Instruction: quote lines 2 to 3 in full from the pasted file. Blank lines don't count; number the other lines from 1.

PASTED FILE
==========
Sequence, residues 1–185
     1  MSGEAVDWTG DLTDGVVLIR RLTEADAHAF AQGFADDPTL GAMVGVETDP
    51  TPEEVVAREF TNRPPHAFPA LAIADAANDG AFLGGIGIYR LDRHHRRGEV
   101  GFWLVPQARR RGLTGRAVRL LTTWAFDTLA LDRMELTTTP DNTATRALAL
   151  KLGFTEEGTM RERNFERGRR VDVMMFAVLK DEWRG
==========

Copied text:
     1  MSGEAVDWTG DLTDGVVLIR RLTEADAHAF AQGFADDPTL GAMVGVETDP
    51  TPEEVVAREF TNRPPHAFPA LAIADAANDG AFLGGIGIYR LDRHHRRGEV